Please download the guide on how to book your appointment using the online system, here.

Letter to Ofsted from A Ridgeway student

Dear Amanda Spielman,
Re: The Inspection of Ridgeway Secondary School in Redditch, May 2018.
(Published on the 18th of June 2018)

My name is Mary Dowchan-Kowalska and I’m a 14-year-old, year 10 student at Ridgeway Secondary School. I take pride in being a Ridgeway student so therefore you can imagine how disappointed I was with the recent Ofsted report which judged the school as “requires improvement”.

I was born and lived most of my life in Poland. My dad is a Consultant Orthopaedic Surgeon which gave my family many opportunities to travel and move around the world. It wasn’t always towns or cities though. We even moved countries, continents. I first moved schools when I was 8 years old. My parents wanted to give my siblings and I a better chance in the future so therefore we moved to the United States, California. For an 8-year-old who didn’t speak English, this was quite a stressful experience but I soon grew to love it. As I realised later, it gave me an amazing opportunity to learn at least a basic level of this globally used language.
Unfortunately a year after, we had to move back to Poland. We stayed there for 6 months but my dad soon realised that it would be a waste of what my siblings and I have already learnt, to stay in Poland. He got an amazing job opportunity in England, and so we moved. I attended a school in Solihull. When I first came to England in September 2015, I was excited to meet new people and experience a slightly different culture.

Unfortunately, my classmates weren’t very keen on somebody coming in from the outside. I experienced severe bullying and racial profiling. People made fun of my accent and the way I spoke. I always loved school and was very eager to learn. At that school, I didn’t feel safe. I was afraid of raising my hand in lessons because I would usually have to face nasty comments. In a school of over a 1000 students, I felt like I had no meaning. I didn’t get the support from teachers that I needed. My parents soon noticed that I wasn’t happy. I wasn’t enthusiastic about going to school anymore, instead, I tried to find ways to avoid it. Let me emphasise the fact that this school’s 2014 inspection judged it as “good”.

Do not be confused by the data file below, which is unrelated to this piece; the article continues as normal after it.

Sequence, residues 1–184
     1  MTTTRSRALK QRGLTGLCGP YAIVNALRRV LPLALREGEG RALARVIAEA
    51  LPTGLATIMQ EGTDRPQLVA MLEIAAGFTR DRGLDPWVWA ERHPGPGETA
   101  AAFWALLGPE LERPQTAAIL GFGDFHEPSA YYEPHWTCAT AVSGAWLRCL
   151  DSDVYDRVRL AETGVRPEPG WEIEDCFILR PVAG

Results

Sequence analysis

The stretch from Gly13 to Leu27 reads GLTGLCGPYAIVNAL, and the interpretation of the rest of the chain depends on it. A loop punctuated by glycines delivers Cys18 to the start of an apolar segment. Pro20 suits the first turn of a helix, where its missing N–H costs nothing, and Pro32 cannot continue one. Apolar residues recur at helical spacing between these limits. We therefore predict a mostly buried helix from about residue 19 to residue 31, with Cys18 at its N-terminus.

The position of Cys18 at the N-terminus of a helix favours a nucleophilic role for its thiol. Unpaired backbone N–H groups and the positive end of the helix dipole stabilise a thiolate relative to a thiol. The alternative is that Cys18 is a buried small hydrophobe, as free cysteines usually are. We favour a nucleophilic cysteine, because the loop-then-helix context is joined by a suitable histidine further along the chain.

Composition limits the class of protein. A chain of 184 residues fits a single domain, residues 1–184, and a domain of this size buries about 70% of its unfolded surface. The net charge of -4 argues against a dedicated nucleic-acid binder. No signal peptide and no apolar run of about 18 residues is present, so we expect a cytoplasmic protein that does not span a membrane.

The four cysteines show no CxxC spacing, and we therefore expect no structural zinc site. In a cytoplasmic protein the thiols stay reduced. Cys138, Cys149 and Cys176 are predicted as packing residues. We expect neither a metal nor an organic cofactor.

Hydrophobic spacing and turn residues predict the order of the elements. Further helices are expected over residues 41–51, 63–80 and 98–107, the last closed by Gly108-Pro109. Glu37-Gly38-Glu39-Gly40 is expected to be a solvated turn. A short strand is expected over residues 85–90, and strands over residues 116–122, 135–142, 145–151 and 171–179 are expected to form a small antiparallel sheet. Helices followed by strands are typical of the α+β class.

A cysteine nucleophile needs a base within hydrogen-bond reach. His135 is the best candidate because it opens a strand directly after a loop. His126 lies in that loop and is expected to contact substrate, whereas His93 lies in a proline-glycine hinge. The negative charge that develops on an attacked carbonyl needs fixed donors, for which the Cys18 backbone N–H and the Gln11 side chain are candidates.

In the middle of a school year, we moved. The next school my parents chose was a small school in Redditch. I came to Ridgeway lacking self-confidence: I felt like nothing I did was good enough. That soon changed. students and staff at Ridgeway were so welcoming: they wanted to know where I came from; who I was; what I liked. I was never discriminated because of my accent or my background: I was praised for it, they liked that I was different. The teachers encouraged me to do what I loved and helped with the things I struggled with. They helped me get up to speed with all the material I was behind with. I started moving sets in both English and Maths. For the first time, I was told that the pieces I produced in my English lessons were “great” and sometimes even “outstanding”. I found my passion for sport: there were opportunities for me to compete and later on to even earn a leadership role in the P.E department. I was never once turned away by a teacher when I needed help. They were always there when I needed that extra help with something I didn’t understand. With their support, I started getting test results that I was pleased with. Ridgeway provides great support for students who struggle both academically and emotionally. Because of the school’s size, students are able to get more attention from teachers and help specific to each individual person. I know people who came to our school from what seem like “better” schools with “better” Ofsted reports, yet achieved more and became more successful at Ridgeway.